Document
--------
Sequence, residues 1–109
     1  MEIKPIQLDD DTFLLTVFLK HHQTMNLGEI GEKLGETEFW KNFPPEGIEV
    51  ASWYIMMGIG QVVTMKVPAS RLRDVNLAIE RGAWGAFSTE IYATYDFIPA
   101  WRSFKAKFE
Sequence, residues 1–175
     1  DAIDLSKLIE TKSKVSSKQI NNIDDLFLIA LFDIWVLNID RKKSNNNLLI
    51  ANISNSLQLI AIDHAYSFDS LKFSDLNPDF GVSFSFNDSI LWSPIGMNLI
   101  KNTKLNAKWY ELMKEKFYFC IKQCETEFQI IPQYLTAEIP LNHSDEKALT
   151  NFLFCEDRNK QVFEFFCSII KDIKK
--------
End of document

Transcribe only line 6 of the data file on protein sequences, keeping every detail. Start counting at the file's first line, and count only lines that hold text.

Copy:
     1  DAIDLSKLIE TKSKVSSKQI NNIDDLFLIA LFDIWVLNID RKKSNNNLLI